Staff Publications

Staff Publications

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    'Staff publications' is the digital repository of Wageningen University & Research

    'Staff publications' contains references to publications authored by Wageningen University staff from 1976 onward.

    Publications authored by the staff of the Research Institutes are available from 1995 onwards.

    Full text documents are added when available. The database is updated daily and currently holds about 240,000 items, of which 72,000 in open access.

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One stop shop: backbones trees for important phytopathogenic genera: I (2014)
Hyde, K.D. ; Nilsson, R.H. ; Alias, S.A. ; Ariyawansa, H.A. ; Blair, J.E. ; Cai, L. ; Cock, A.W.A.M. de; Dissanayake, A.J. ; Glockling, S.L. ; Goonasekara, I.D. ; Gorczak, M. ; Hahn, M. ; Jayawardena, R.S. ; Kan, J.A.L. van; Laurence, M.H. ; Lévesque, C.A. ; Li, X. ; Liu, J.K. ; Maharachchikumbura, S.S.N. ; Manamgoda, D.S. ; Martin, F.N. ; McKenzie, E.H.C. ; McTaggart, A.R. ; Mortimer, P.E. ; Nair, P.V.R. ; Pawlowska, J. ; Rintoul, T.L. ; Shivas, R.G. ; Spies, C.F.J. ; Summerell, B.A. ; Taylor, P.W.J. ; Terhem, R.B. ; Udayanga, D. ; Vaghefi, N. ; Walther, G. ; Wilk, M. ; Wrzosek, M. ; Xu, J.C. ; Yan, J.Y. ; Zhou, N. - \ 2014
Fungal Diversity 67 (2014). - ISSN 1560-2745 - p. 21 - 125.
internal transcribed spacer - ribosomal dna-sequences - vegetative compatibility groups - plant-pathogenic fungi - citrus black spot - spored graminicolous colletotrichum - sporisorium-macalpinomyces complex - fragment-length-polymorphisms - botrytis-cinerea popu
Many fungi are pathogenic on plants and cause significant damage in agriculture and forestry. They are also part of the natural ecosystem and may play a role in regulating plant numbers/density. Morphological identification and analysis of plant pathogenic fungi, while important, is often hampered by the scarcity of discriminatory taxonomic characters and the endophytic or inconspicuous nature of these fungi. Molecular (DNA sequence) data for plant pathogenic fungi have emerged as key information for diagnostic and classification studies, although hampered in part by non-standard laboratory practices and analytical methods. To facilitate current and future research, this study provides phylogenetic synopses for 25 groups of plant pathogenic fungi in the Ascomycota, Basidiomycota, Mucormycotina (Fungi), and Oomycota, using recent molecular data, up-to-date names, and the latest taxonomic insights. Lineage-specific laboratory protocols together with advice on their application, as well as general observations, are also provided. We hope to maintain updated backbone trees of these fungal lineages over time and to publish them jointly as new data emerge. Researchers of plant pathogenic fungi not covered by the present study are invited to join this future effort. Bipolaris, Botryosphaeriaceae, Botryosphaeria, Botrytis, Choanephora, Colletotrichum, Curvularia, Diaporthe, Diplodia, Dothiorella, Fusarium, Gilbertella, Lasiodiplodia, Mucor, Neofusicoccum, Pestalotiopsis, Phyllosticta, Phytophthora, Puccinia, Pyrenophora, Pythium, Rhizopus, Stagonosporopsis, Ustilago and Verticillium are dealt with in this paper.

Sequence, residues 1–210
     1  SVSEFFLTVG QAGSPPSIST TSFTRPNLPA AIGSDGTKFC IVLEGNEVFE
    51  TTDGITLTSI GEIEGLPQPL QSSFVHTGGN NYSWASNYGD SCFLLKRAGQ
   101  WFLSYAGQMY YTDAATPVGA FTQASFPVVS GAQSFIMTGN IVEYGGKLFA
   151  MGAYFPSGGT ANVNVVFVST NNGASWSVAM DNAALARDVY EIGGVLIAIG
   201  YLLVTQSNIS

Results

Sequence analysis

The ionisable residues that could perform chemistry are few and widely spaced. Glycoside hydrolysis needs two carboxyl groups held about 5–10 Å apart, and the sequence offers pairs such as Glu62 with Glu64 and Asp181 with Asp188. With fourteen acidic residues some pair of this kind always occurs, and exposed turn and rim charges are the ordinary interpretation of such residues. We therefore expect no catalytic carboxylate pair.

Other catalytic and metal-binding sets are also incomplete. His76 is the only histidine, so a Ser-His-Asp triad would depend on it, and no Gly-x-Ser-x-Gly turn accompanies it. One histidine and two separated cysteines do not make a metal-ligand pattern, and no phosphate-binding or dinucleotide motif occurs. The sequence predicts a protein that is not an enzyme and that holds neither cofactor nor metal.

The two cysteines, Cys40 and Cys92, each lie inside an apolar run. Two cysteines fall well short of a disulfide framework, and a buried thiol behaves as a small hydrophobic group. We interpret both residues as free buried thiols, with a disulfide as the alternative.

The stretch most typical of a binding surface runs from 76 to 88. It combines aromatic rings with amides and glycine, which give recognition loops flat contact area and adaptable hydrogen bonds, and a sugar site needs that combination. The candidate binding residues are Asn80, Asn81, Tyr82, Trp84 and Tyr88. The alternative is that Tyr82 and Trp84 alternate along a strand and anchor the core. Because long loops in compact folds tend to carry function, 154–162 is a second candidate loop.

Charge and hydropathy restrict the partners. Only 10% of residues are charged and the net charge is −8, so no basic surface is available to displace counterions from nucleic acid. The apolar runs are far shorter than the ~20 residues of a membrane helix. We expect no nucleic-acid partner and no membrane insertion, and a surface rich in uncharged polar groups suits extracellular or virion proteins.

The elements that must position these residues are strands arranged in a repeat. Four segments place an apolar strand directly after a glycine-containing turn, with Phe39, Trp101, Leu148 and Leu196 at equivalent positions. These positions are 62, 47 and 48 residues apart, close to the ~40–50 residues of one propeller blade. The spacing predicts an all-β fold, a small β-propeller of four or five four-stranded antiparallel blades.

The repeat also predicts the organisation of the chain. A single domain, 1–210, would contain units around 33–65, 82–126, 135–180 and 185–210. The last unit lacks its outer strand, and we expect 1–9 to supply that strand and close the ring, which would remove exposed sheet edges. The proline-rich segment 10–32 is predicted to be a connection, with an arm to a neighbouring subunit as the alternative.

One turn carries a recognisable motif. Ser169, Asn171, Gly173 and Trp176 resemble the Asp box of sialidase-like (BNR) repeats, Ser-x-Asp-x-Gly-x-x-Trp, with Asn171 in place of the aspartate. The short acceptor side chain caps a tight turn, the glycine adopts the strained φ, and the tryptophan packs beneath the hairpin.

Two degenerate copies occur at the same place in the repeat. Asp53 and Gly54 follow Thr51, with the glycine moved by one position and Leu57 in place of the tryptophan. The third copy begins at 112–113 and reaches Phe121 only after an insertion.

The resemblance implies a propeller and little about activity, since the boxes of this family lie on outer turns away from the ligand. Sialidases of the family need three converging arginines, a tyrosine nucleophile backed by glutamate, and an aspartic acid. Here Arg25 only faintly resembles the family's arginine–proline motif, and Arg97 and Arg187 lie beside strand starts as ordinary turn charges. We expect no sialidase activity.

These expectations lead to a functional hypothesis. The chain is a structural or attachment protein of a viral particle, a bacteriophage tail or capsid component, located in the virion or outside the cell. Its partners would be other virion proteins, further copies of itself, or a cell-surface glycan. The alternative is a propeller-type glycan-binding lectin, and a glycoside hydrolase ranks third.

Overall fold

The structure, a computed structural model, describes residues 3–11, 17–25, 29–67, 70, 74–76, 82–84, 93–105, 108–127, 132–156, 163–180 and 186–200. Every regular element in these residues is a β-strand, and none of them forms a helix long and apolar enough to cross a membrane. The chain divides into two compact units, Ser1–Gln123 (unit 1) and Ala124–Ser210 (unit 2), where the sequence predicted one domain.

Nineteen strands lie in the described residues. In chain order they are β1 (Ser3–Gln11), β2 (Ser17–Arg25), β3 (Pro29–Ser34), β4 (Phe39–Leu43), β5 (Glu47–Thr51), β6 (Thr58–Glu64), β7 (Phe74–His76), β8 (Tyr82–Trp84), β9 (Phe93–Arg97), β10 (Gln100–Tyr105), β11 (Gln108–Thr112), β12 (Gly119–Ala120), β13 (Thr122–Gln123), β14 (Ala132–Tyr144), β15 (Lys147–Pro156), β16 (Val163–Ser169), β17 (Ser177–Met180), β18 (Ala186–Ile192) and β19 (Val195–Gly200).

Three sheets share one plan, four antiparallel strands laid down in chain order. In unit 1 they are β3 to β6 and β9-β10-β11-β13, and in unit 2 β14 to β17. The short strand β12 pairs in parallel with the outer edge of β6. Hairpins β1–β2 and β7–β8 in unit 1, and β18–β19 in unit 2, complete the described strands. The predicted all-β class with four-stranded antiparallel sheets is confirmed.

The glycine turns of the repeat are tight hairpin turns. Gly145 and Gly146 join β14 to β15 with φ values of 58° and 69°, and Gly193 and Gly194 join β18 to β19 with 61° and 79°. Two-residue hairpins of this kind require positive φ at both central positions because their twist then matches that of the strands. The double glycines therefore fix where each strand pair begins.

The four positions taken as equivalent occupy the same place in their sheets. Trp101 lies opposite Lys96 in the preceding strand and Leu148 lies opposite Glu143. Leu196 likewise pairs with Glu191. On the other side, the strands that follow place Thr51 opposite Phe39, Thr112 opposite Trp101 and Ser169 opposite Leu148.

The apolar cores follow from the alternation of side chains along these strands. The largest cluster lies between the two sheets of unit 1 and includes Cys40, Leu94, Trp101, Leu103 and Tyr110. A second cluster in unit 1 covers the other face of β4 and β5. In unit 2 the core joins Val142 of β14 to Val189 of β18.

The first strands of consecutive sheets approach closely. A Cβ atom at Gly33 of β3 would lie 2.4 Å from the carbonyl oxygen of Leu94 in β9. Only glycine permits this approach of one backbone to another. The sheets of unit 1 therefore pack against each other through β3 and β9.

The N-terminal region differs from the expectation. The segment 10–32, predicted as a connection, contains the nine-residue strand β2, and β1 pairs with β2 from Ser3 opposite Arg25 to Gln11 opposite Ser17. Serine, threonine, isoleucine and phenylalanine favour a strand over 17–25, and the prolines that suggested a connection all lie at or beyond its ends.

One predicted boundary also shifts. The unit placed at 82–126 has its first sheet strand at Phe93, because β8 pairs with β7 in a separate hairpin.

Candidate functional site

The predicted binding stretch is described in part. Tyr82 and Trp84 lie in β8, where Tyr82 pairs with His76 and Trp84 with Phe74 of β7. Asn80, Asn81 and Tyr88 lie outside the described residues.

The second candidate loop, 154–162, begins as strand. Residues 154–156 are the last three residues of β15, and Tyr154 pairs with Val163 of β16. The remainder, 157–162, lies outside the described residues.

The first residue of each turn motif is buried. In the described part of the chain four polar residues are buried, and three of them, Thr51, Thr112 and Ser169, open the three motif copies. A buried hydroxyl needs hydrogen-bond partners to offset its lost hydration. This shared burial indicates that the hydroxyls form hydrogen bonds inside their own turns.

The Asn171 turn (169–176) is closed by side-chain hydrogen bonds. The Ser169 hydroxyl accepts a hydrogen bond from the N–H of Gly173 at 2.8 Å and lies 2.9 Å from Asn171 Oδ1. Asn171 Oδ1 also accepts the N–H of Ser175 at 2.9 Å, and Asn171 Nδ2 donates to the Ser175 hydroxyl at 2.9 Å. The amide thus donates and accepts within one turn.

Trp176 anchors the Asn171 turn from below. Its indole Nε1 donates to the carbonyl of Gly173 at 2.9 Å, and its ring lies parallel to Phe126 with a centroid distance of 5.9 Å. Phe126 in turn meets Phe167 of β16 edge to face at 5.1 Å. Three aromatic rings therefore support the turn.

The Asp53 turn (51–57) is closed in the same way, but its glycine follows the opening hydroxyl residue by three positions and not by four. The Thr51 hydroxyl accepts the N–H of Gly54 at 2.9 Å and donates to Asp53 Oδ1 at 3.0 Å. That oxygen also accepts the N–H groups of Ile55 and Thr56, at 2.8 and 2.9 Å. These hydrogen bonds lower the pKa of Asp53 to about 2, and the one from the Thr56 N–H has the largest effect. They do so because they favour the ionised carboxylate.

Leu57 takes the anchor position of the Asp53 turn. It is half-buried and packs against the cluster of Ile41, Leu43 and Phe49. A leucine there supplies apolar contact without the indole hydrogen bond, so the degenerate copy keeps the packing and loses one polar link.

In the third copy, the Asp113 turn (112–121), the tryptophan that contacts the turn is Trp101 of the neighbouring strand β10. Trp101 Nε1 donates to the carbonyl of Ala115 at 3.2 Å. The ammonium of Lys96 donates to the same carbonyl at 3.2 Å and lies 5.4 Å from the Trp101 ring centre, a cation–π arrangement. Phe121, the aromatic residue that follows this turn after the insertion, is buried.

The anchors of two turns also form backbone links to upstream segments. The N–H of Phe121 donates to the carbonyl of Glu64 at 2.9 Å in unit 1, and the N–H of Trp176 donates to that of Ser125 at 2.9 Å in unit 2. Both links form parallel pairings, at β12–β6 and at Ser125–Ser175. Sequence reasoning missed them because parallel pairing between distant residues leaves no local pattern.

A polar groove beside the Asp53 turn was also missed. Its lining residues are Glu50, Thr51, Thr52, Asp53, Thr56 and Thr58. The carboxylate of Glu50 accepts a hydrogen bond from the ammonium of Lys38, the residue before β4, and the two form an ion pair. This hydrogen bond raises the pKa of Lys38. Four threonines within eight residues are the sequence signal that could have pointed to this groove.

Letter to the Editor : Standardizing the nomenclature for clonal lineages of the sudden oak death pathogen, Phytophthora ramorum
Grünwald, N.J. ; Goss, E.M. ; Ivors, K. ; Garbelotto, M. ; Martin, F.N. ; Prospero, S. ; Hansen, E. ; Bonants, P.J.M. ; Hamelin, R.C. ; Chastagner, M. ; Werres, S. ; Rizzo, D.M. ; Abad, G. ; Beales, P. ; Bilodeau, G.J. ; Blomquist, C.L. ; Brasier, C. ; Brière, S.C. ; Chandelier, A. ; Davidson, J.M. ; Denman, S. ; Elliott, M. ; Frankel, S.J. ; Goheen, E.M. ; Gruyter, H. de; Heungens, K. ; James, D. ; Kanaskie, A. ; McWilliams, M.G. ; Man in't Veld, W. ; Moralejo, E. ; Osterbauer, N.K. ; Palm, M.E. ; Parke, J.L. ; Perez Sierra, A.M. ; Shamoun, S.F. ; Shishkoff, N. ; Tooley, P.W. ; Vettraino, A.M. ; Webber, J. ; Widmer, T.L. - \ 2009
Phytopathology 99 (2009)7. - ISSN 0031-949X - p. 792 - 795.
in-vitro - north-american - european populations - genotypic diversity - dna polymorphisms - central mexico - toluca valley - united-states - infestans - california
Phytophthora ramorum, the causal agent of sudden oak death and ramorum blight, is known to exist as three distinct clonal lineages which can only be distinguished by performing molecular marker-based analyses. However, in the recent literature there exists no consensus on naming of these lineages. Here we propose a system for naming clonal lineages of P. ramorum based on a consensus established by the P. ramorum research community. Clonal lineages are named with a two letter identifier for the continent on which they were first found (e.g., NA = North America; EU = Europe) followed by a number indicating order of appearance. Clonal lineages known to date are designated NA1 (mating type: A2; distribution: North America; environment: forest and nurseries), NA2 (A2; North America; nurseries), and EU1 (predominantly A1, rarely A2; Europe and North America; nurseries and gardens). It is expected that novel lineages or new variants within the existing three clonal lineages could in time emerge.
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